Recent changes to the way the United States regulates foreign investment in its technology assets have highlighted an interesting contrast to Australia’s approach.
Late last year, President Trump signed into law the Foreign Investment Risk Review Modernisation Act (FIRRMA). FIRRMA significantly expands the type of transactions that are subject to review by the Committee on Foreign Investment in the United States (CFIUS), to include ‘other investments’ involving critical infrastructure, critical technologies or personal data.
Previously, CFIUS only had jurisdiction over those deals where the foreign investor acquired a controlling stake in the relevant technology owning company. The new approach gives CFIUS power to review deals that are structured in a different way, but which still have implications in terms of national security.
By way of an example, CFIUS can now review transactions which give a foreign party any form of access to non-public technologies, representation on the board of the target or enhanced influence over decisions that go to the development of the technology, irrespective of whether the foreign investor acquires a controlling shareholding. It therefore picks up non-equity deals such as development funding agreements or licensing deals which may give rise to technology transfer risks.
This approach makes absolute sense in the context of technology assets, which are highly portable and difficult to protect once access has been obtained.
How does Australia’s approach differ?
In contrast, Australia continues to regulate the acquisition of technology assets by foreign buyers through FIRB oversight under the Foreign Acquisitions and Takeovers Act (FATA). The FATA gives the Treasurer broad powers to intervene in a proposed acquisition of technology assets by a foreign buyer (or to impose conditions on the acquisition) where the proposed transaction would be contrary to the national interest.
FIRB has shown that it is willing to take a ‘fit for purpose’ approach to reviewing technology and data deals. By way of an example, we have seen FIRB negotiate bespoke access restrictions, operational conditions and governance controls as a condition to approving the acquisition of data centres or health service providers. In taking that bespoke approach, FIRB has generally been able to strike a sensible balance between dealing with any national security concerns that arise from a particular proposal, and ensuring that foreign capital continues to be welcomed into the Australian technology sector.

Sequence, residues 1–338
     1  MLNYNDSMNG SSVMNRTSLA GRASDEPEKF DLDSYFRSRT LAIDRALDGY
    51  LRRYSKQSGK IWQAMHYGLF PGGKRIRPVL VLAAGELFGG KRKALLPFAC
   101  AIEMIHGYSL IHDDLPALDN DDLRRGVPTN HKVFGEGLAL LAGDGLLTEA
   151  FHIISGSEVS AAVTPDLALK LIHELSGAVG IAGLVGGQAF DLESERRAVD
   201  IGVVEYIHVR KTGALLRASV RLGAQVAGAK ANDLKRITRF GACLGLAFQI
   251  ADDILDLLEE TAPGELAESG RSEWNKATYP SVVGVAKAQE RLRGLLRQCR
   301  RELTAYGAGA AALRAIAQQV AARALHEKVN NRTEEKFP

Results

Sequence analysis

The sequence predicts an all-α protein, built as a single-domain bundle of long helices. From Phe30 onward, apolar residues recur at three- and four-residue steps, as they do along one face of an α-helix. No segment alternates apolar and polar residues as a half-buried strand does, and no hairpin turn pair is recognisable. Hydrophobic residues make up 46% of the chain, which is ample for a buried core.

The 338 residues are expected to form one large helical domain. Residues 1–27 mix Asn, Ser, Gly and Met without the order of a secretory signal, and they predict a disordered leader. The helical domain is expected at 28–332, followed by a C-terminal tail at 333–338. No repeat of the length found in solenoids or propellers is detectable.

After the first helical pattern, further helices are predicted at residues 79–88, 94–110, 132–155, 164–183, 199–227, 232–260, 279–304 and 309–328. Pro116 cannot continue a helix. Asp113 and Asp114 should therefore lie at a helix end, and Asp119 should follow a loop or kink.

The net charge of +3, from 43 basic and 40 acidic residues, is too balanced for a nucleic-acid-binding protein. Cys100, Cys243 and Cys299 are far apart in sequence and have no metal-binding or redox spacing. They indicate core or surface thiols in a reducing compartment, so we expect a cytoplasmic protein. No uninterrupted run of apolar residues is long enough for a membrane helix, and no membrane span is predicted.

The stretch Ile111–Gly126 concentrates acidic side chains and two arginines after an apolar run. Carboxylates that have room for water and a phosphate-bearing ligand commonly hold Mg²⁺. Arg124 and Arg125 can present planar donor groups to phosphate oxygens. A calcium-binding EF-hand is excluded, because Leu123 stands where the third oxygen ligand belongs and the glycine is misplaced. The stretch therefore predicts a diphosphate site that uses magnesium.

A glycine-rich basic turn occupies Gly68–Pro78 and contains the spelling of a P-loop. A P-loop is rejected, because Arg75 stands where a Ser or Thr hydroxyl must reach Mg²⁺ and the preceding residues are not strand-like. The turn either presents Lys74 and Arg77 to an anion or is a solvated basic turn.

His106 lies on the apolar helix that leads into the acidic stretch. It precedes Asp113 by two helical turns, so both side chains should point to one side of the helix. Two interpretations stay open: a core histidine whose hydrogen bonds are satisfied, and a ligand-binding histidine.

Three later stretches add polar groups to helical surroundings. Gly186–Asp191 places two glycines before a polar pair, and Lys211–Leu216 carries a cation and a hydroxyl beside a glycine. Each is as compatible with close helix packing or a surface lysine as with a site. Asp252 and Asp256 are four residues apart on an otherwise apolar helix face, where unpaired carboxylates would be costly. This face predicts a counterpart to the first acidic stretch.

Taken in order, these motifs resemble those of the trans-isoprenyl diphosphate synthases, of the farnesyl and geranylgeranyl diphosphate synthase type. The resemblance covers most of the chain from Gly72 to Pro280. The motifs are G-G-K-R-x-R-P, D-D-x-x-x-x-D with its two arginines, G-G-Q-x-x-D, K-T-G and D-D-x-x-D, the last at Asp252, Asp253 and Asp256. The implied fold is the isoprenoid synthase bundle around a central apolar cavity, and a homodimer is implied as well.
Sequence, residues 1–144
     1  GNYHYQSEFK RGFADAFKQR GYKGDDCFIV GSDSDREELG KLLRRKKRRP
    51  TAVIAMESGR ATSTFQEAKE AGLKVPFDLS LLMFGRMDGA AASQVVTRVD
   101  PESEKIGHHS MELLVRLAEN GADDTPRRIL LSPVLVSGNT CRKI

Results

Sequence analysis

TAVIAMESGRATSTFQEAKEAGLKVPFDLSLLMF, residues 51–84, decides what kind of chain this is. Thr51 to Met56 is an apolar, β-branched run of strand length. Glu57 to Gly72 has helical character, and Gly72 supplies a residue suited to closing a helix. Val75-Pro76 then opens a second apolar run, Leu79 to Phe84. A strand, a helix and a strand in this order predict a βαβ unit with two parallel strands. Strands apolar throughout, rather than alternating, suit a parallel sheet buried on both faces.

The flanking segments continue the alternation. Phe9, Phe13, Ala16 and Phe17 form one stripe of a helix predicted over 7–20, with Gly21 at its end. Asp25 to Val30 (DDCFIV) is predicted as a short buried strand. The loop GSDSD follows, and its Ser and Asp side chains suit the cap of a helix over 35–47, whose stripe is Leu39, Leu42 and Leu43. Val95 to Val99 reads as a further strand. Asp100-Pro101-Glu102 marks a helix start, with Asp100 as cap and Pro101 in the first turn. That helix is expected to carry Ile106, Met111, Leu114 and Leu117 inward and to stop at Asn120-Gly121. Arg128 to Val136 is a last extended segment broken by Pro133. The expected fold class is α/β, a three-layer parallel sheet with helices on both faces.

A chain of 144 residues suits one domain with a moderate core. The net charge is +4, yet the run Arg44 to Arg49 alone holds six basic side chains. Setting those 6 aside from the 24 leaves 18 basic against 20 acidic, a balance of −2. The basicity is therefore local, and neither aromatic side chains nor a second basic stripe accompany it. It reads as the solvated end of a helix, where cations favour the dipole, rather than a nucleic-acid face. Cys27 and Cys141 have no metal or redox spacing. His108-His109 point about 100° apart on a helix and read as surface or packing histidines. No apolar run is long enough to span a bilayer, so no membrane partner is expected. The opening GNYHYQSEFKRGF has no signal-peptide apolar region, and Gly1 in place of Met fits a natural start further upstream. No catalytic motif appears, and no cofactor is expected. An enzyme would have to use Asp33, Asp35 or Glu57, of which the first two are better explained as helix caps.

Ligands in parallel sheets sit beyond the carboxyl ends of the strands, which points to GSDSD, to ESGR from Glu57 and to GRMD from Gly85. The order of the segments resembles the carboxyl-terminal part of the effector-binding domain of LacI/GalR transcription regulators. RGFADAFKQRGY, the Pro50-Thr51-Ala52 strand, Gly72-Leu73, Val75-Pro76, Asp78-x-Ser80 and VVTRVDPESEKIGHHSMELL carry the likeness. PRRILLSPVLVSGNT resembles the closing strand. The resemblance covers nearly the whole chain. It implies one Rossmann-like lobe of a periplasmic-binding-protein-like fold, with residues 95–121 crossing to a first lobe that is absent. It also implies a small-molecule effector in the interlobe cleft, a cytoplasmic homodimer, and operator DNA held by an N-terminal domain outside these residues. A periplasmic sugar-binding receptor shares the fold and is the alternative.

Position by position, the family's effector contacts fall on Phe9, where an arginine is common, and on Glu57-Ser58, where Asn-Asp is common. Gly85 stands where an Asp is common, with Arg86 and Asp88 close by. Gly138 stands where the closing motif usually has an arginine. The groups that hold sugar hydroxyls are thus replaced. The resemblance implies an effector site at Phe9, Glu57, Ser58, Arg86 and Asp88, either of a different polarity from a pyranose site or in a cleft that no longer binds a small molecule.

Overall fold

However, FIRB can only apply that approach to those technology deals it actually has power to review. Many technology deals will fall below the monetary thresholds at which compulsory FIRB notification is required (generally $266 million for privately owned acquirers). This is particularly true in the case of emerging technologies which have not yet realised their full value.
Moreover, FIRB’s powers of intervention typically only arise where the foreign investor wishes to acquire more than 20% of the target’s shares or will otherwise obtain enhanced influence over its corporate policies. This means that alternate investment structures, such as development agreements and licensing arrangements, will often not be reviewed.
The role of Australia’s Critical Infrastructure Centre
The newly created Critical Infrastructure Centre (CIC) also plays a role. The CIC brings together various Government departments and intelligence agencies to manage national security risks arising from foreign involvement in Australia’s critical infrastructure assets, including ports, electricity, water and gas utilities. The CIC also oversees security issues relating to Australia’s telecommunications sector.
While the CIC doesn’t have a specific role in regulating technology deals, it does advise FIRB on acquisitions involving technology companies which service critical infrastructure owners and operators. It also advises the Minister for Home Affairs on the use of the Minster’s power under the Security of Critical Infrastructure Act 2018 to direct owners or operators of critical infrastructure assets to take or refrain from taking certain action. These powers are intended to be used as a last resort and only where significant issues of national security are at play. The fact that they exist, however, does give the Minister (and by extension the CIC) a platform from which to influence deal formation in the technology sector – at least where it touches critical infrastructure or telecommunications.
The issue up for debate is whether FIRB and CIC have sufficient review powers to ensure that Australia’s national interests are fully reflected in the way that technology deals are reviewed.
If Australia is to enjoy an end-to-end technology industry capable of monetising and commercialising innovation, FIRB will need to regulate the development of emerging technologies that drive economic prosperity. This suggests that broader considerations beyond national security should be brought to account.
It is perhaps worth considering whether the FATA should adopt a sector-specific approach to technology and data deals, as is the case with foreign investment in the traditional media sector and agribusiness. Doing so would allow FIRB to review acquisitions of early stage technologies and take a ‘longer lens’ view of the industry.
While any changes would need to be carefully structured so as to not dissuade foreign investment, there may be a case for a FIRRMA approach.